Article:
Startup Heyday Health Looks to Improve Health Care for Seniors

YOUNGSTOWN, Ohio – For Bobby Shady, the focus is on the patients. The California native has parents in their 70s and spent years as a consultant advising public and private health-care leaders, knowing there has to be a better way to care for our aging population.

On Wednesday, his startup Heyday Health was introduced at the Youngstown Business Incubator. The company offers telehealth services and in-home visits, with care aimed at older adults.

A three-person medical team of Dr. Nupur Mehta, nurse practitioner Rachel Lester and health ally and Youngstown native Madison Olesh works 24/7 to take care of older adults.

Shady felt there was a need in northeastern Ohio, especially in Youngstown with its innovative base with the Voltage Valley effort and other technology companies, while retaining deep, community roots.

“I think that’s something that really enables our model to thrive,” he says.

Olesh remembers when her grandmother was struggling to find a doctor who would take her new insurance after her grandfather passed away, taking about six months to find a provider. That experience fueled her passion around caring for the older population of the Mahoning Valley.

“I love Youngstown. I love this community,” she says. “I want it to make it something that people want to stay here as they get older. … I think health care needs to be more accessible and that’s a huge reason why people go to Cleveland or branch out from here. If we can make it accessible here in Youngstown, I think that that’ll make a huge difference.”

In the United States, most people see the doctor when they’re sick — rarely when they are well for preventative maintenance. That’s what Heyday Health wants to change as American healthcare is seen as a fee-for-service-based system.

“Our model at Heyday is actually created to keep people healthy, keep people in their homes, and keep people active,” Mehta says. “We’re really hopefully creating health care, not sick care.”

Lester viewed many patients shuffled in and out of a doctor’s office, seeing almost 23 a day. Taking time to get to know their patients as a health-care unit is what attracted her to this health startup company.

“Thirty minutes that I’m in there talking with them can prevent a hospital stay,” she says.

This business has preventative and sick visits, along with the normal procedures a doctor would recommend such as screening for cancers, immunizations, laboratory testing, radiology testing, referrals to specialists.

If a patient needs blood work or other in-person testing, Heyday Health can set up transportation. Shady says most people have non-emergency medical transportation in their current healthcare plan.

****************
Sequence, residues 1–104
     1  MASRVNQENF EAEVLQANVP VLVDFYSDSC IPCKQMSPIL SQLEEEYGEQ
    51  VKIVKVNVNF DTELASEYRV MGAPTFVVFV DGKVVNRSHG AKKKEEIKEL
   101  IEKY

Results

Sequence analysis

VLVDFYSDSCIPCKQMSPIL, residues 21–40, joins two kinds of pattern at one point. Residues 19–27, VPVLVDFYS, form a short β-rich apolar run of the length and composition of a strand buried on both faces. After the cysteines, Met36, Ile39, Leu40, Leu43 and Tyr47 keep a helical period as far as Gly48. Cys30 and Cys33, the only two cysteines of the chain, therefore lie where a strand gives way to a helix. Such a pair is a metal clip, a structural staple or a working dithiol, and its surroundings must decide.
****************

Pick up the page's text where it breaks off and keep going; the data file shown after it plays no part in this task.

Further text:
“I think there’s just so many barriers to accessing the benefits that do exist for people that because the healthcare system is so complicated to navigate they can’t figure that out for themselves,” he says.

Heyday Health works with most insurances, just like most co-pays, Shady says. Currently five out of seven older adults on Medicare in Youngstown should be able to access the company, but he adds they are working on obtaining the other two.

About 80% of the healthcare outcomes are determined outside of a clinic, but in this model the team can assess what is happening with the patient inside the home, even what needs to go out of their medicine cabinet.

“I think that the beauty of having this whole care team is the full scope of all we’re able to do in terms of determining and helping the whole person,” Shady says. 

Heyday’s arrival in Youngstown was facilitated in part by U.S. Rep. Tim Ryan, who reached out to YBI CEO Barb Ewing, asking if she had heard anything about Shady. The two finally connected and Ewing says Heyday came to YBI “fully baked or at least ready to be put in the oven.”

Heyday Health comes to the Youngstown area with financial backing, but Shady did not want to divulge his investors.

“We feel fortunate that we have some good backing and some runway here, so we don’t have to specifically focus on our finances early,” he says. “We have earned the right to spend the time to get the model to work because people know it takes some time.”

Pictured: Heyday Health was introduced Wednesday at the Youngstown Business Incubator. From right, Rachel Lester, nurse practitioner; Madison Olesh, health ally; Dr. Nupur Mehta, chief medical officer; Bobby Shady, founder and CEO; and Barb Ewing, CEO of the YBI.

Copyright 2024 The Business Journal, Youngstown, Ohio.